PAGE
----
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Professor Anne Harris

July 26, 2011

100206Anne F. Harris, associate professor of art history and director of the Women's Studies Program, received a student-faculty summer stipend to write curriculum for a new interdisciplinary course she will offer next year – The Ecology of Medieval Art.

Her motivation behind designing the course is to show students that Western culture, indeed human culture, is not self-contained. “A previous course, Monsters and Marvels: Imagining the Other in Medieval Art, was a first attempt to make Medieval art history less white and less European,” Harris says. “As I looked at the courses I was teaching, I realized that they were consistently about a very self-enclosed Medieval Europe.

“Modern Western culture is influential but also deeply influenced by other cultures,” she explains. “Looking at the Crusades, opened up the Middle Ages because it made me realize that not only did Christians go to Jerusalem, but there were Christians ruling in the Middle East from 1099 - 1291. There was a 200-year colonial period right in the middle of Medieval history.

“I began to see the enclave of Western Europe as incredibly permeated and permeable, and I started to view Medieval culture very differently,” Harris says. “Many students come to Medieval classes wanting to talk about knights in shining armor in a very closed Medieval culture. So, a new course on the Ecology of Medieval Art will allow me to explore topics differently and also talk about contemporary and this time, environmental issues.

“In researching post-colonial theory, I came across the term ‘the Other.’ It’s a productive and far-reaching term because it allows you to frame conversations about the West and the East, the self and the other, and, in the context of ecocriticism and the analysis of environmentalism, the human and the non-human,” Harris explains. “Discussing how ‘the Other’ is constructed, has uncovered many great investigations for me. I don’t think Medieval has all the answers, but I like the questions it asks.”

Students in the class will have to answer tough questions about themselves in relation to the environment. “I’m looking at how Medieval culture constructed nature and constructed the idea of environment,” Harris says. “There are lines between nature and culture and human and non-human. That’s what the course will force students to look at – those lines between human and non-human and self and other.”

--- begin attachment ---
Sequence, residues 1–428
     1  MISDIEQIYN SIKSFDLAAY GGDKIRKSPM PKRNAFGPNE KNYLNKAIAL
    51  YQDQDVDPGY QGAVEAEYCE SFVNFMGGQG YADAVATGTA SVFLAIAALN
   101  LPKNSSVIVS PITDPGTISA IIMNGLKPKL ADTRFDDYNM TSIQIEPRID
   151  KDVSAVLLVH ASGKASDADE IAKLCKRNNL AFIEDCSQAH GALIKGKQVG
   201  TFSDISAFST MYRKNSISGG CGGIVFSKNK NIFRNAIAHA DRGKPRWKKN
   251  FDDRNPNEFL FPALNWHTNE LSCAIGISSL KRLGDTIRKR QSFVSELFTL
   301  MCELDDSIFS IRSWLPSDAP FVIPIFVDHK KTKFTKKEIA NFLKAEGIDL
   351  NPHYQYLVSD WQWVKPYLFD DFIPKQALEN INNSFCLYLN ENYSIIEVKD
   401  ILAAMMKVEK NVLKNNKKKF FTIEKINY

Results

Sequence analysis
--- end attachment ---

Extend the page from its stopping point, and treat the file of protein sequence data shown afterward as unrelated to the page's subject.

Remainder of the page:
Harris says, “In some instances, we will look at how Medieval culture reasserts that line between human and non-human. We'll be looking at the way that Genesis draws up boundaries between humanity and the "perfect" natural world of Eden. I like to think of the expulsion from Eden as the ultimate climate change. It’s a model of climate change. There’s a real line drawn between a benevolent nature and a malevolent nature.”100203

However, Harris points out that there are also instances in Medieval culture that blur the line. “Part of the course is to think about how to blur the line in some way so that students can see their identities as more integrated with what has been made ‘the Other.’ We’ll examine how nature has been made ‘Other.’

“Do I want us to hug trees? Recycle more?” Harris asks. “That’s not the goal of this course. I want students to be more troubled by nature, and I’d like for them to experience the wonder of the blurring of those lines, which can be a little unsettling.

“We aren’t going to try to solve the recycling and pollution problems; we’re going to look at what, within the historical conditions of the Middle Ages, created the conditions for these problems. Which is – how did we get to this point where we are one thing and nature is another?," Harris asks. "We give nature agency in our language. We say things like, 'Nature is taking back the quarry,' but we don't give it agency in our politics. We can be more conscious of its agency on our behaviors."

Harris has incorporated a technological component to the new curriculum with assistance from Vishal Khandelwal ’13. Khandelwal plans to attend graduate school to continue his studies in art history with a focus on architecture. He is also a student in the Information Technology Associates Program (ITAP). By using Google Earth and researching in the DePauw Archives, he has mapped old photographs onto new landscapes.

“Part of the course will address landscape and memory, and the idea of the agency of landscape being found in the memory that it can contain,” Harris explains. “We’ve picked sites in Putnam County that used to be other things: a horse farm, cattle farm, saw mill, etc. It will be a little bit of a then-and-now comparison. We will also look at the DePauw Nature Park and explore what gets erased, and what gets constructed and why.”

The course, The Ecology of Medieval Art, will focus on seven topics: including landscape, garden, minerals, animals, humans and magic/cosmology.

Harris says, “The big thing that motivates me is to look at those lines that we think are so certain and show that they are not. It’s not an argument that trees have souls. It’s an acknowledgment that it matters when trees are cut down or planted. Inanimate objects have a 'vibrant matter,' in the words of Jane Bennett, a professor of political science and author of Vibrant Matter: a Political Ecology of Things. That’s the big philosophical takeaway from the course.”

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